However, the temple which was built by the returning remnant did not correspond to the one described by Ezekiel. As Gray puts it, "There are more marks of contrast than likeness between the temple here described and that."5 Furthermore, Gaebelein has pointed out that in Ezekiel's vision "the glory of the Lord returned to the temple and made His dwelling place there," whereas the glory cloud was lacking in the temple which was built by the returning remnant.6

Realizing the insufficiencies of this view, some put forth the proposition that these chapters describe the temple as it should have been built, but because of the disobedience and unbelief of the people it turned out to be less glorious. The chief difficulty with this approach is that it "bases all on a naturalistic foundation without due recognition to the supernatural features inherent in the chapters,"7 which, as Gray and Kelly add, "lowers the character of the divine Word."8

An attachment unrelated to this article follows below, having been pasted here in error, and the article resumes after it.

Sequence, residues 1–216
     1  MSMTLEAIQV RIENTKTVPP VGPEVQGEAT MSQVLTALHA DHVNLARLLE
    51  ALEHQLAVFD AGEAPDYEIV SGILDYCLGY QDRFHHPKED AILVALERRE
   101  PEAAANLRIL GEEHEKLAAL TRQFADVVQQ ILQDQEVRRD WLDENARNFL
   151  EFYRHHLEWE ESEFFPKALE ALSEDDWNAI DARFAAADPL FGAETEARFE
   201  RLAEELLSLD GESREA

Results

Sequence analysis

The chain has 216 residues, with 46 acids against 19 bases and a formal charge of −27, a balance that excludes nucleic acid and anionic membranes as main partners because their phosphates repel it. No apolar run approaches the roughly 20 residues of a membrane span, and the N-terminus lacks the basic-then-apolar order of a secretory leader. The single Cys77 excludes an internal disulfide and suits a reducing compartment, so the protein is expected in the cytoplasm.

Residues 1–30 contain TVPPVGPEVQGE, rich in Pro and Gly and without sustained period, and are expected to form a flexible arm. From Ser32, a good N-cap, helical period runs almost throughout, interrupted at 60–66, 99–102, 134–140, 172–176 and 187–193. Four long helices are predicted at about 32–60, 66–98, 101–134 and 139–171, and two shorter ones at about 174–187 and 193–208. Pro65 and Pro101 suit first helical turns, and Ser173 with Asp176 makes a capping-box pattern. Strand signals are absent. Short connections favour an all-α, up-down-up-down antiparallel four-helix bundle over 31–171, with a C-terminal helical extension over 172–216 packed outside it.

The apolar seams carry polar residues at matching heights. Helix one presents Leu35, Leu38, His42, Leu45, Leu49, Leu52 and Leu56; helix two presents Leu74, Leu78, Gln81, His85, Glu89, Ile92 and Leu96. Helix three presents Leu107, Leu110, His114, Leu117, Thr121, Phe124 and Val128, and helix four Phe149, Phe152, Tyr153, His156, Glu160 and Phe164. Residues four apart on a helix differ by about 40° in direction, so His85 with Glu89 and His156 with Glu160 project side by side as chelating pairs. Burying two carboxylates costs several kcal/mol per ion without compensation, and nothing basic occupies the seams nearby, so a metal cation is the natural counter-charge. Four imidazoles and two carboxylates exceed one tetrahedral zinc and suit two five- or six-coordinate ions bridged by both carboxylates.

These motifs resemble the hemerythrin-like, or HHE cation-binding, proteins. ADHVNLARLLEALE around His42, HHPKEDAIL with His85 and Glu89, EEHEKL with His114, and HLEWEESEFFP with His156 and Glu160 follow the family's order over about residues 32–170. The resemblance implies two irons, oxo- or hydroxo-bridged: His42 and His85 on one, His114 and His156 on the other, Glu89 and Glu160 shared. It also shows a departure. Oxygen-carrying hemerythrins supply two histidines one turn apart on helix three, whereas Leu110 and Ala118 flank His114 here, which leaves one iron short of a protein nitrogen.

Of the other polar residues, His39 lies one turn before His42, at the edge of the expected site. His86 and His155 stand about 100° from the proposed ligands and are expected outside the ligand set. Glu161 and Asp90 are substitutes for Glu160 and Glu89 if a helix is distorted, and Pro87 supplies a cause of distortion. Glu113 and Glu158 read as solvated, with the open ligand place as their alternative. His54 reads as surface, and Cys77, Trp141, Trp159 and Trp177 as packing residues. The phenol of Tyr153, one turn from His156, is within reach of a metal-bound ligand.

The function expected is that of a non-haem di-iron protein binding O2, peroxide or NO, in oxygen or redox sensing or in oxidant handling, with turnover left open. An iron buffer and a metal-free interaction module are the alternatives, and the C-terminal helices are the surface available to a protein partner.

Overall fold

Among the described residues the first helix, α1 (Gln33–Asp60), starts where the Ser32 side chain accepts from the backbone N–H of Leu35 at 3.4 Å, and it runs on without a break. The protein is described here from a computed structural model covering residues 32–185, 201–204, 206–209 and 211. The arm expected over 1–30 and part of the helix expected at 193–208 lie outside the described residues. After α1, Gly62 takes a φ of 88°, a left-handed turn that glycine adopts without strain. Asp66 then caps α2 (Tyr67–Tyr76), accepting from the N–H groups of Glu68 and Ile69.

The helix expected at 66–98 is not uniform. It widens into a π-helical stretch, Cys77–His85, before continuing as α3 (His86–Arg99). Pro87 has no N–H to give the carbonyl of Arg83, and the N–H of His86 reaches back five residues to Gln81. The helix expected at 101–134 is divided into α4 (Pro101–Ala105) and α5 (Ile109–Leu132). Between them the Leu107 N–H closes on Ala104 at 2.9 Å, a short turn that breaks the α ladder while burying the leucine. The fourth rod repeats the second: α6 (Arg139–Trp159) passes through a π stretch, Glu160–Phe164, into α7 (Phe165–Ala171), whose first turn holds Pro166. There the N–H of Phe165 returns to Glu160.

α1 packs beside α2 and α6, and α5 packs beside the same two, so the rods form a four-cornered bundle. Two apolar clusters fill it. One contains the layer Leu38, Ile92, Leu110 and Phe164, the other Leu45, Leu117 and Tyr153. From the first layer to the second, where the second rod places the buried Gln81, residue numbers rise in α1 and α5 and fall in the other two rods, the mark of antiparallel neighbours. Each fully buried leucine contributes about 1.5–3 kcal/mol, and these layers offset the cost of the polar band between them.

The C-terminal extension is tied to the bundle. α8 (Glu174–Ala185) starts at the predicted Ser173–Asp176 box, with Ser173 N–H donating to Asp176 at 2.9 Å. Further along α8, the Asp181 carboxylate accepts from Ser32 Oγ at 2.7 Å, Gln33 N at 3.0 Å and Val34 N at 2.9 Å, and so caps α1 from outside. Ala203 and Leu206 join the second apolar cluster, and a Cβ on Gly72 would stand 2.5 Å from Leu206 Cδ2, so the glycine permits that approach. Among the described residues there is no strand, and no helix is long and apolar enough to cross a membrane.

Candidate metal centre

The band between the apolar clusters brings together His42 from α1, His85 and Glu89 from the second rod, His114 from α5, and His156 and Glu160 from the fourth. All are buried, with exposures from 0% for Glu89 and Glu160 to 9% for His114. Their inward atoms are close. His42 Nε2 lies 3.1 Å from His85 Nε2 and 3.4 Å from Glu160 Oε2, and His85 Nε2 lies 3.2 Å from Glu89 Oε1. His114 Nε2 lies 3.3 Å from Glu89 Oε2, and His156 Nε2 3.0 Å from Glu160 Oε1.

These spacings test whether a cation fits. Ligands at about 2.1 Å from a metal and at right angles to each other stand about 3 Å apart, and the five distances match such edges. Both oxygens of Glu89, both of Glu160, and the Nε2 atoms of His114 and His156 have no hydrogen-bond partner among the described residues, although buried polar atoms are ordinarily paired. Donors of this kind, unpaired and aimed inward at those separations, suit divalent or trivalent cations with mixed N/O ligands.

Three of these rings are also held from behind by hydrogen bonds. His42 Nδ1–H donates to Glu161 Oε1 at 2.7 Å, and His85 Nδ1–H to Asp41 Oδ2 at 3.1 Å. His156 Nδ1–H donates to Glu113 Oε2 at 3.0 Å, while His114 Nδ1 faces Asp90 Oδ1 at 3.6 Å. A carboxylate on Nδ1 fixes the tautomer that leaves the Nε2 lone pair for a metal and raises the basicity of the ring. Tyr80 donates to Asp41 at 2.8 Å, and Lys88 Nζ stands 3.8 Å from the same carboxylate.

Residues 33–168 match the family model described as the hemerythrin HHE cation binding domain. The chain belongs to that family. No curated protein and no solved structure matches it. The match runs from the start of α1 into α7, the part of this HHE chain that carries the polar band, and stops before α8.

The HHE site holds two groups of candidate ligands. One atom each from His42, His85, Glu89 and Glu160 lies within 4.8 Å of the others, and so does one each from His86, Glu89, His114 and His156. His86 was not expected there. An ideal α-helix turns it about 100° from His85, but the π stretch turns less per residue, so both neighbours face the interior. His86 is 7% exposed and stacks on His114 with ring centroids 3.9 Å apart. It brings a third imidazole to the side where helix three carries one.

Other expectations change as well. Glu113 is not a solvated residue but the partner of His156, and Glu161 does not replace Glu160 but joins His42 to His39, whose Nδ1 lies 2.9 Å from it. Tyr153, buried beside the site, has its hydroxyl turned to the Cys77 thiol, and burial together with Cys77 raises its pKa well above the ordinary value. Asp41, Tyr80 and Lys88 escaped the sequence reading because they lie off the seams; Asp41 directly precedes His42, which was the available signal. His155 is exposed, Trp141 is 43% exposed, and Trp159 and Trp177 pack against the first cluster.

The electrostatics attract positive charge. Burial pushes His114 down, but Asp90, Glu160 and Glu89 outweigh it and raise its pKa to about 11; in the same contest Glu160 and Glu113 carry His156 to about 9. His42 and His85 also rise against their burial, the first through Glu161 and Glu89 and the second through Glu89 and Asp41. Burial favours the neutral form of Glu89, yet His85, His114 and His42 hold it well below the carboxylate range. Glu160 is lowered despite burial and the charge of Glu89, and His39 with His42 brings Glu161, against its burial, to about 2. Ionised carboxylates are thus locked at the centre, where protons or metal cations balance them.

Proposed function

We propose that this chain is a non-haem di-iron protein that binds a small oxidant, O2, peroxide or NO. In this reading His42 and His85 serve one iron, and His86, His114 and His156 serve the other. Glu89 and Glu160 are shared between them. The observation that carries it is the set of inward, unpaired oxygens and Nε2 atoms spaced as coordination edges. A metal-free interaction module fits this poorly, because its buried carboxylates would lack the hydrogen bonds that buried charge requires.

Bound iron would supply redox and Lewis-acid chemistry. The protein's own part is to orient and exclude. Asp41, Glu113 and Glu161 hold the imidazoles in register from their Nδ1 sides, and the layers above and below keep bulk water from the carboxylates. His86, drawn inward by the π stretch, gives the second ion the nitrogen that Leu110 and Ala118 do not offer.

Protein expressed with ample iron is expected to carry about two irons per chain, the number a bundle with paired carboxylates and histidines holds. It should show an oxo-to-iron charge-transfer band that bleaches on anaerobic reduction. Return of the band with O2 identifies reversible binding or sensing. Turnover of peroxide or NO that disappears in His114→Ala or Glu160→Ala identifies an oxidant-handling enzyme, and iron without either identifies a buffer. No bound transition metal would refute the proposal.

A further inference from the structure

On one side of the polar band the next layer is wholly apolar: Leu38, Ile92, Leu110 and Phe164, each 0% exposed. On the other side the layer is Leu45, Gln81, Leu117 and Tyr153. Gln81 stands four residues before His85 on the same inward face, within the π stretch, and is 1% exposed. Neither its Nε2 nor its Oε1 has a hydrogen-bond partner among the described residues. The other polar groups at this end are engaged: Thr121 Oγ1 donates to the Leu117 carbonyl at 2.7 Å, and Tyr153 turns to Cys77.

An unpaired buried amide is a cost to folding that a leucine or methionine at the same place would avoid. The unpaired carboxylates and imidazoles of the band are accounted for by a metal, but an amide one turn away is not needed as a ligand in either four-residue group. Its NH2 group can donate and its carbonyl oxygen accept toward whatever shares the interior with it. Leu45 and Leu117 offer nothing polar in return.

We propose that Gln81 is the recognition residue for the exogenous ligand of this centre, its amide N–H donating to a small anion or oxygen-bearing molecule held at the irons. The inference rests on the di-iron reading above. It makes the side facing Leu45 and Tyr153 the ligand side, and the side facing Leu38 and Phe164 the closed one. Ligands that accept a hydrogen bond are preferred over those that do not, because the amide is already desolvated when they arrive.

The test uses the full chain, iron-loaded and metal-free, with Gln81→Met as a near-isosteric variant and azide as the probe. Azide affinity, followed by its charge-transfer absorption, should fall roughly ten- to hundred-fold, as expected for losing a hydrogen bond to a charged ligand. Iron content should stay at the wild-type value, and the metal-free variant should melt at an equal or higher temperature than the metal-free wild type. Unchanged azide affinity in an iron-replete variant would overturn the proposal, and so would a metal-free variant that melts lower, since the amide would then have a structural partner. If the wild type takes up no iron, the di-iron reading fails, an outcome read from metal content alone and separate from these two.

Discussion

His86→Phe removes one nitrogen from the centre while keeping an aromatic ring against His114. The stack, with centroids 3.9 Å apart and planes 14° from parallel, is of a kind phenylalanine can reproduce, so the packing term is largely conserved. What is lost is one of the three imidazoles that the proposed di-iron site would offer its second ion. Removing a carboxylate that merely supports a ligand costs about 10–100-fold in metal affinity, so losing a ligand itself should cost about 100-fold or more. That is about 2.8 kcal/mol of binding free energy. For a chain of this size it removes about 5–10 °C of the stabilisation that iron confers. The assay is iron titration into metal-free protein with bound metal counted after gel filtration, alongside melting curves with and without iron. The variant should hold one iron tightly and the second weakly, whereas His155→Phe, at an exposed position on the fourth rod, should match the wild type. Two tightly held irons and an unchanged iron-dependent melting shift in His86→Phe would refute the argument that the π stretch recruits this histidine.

A Blueprint for the Returning Exiles

Some believe that Ezekiel's description of the temple and the ceremonies connected with it were intended as a pattern which the returning Jews were to follow. But there are no references to Ezekiel's temple in any of the post-Exilic books of the Old Testament. Surely we would expect to find reference to it in Ezra, Nehemiah or Haggai if Ezekiel's vision had been intended as a blueprint.9

Figure of the Redeemed Worshipping

Still others hold that Ezekiel's intent in these nine chapters was merely to present "a figure of the redeemed of all ages worshipping God in heaven.".10 But there are too many earthly details in the vision -- the sin offering, for example -- to allow the view that this is a portrayal of perfect worship in heaven.11

The Allegorical View

This was the view favored by the Church Fathers and the Reformers. They draw parallels between the various elements in the prophecy and elements within the relationship between Christ and the Church. According to Gaebelein, despite the fact that this is the weakest view, it is the most widely accepted.12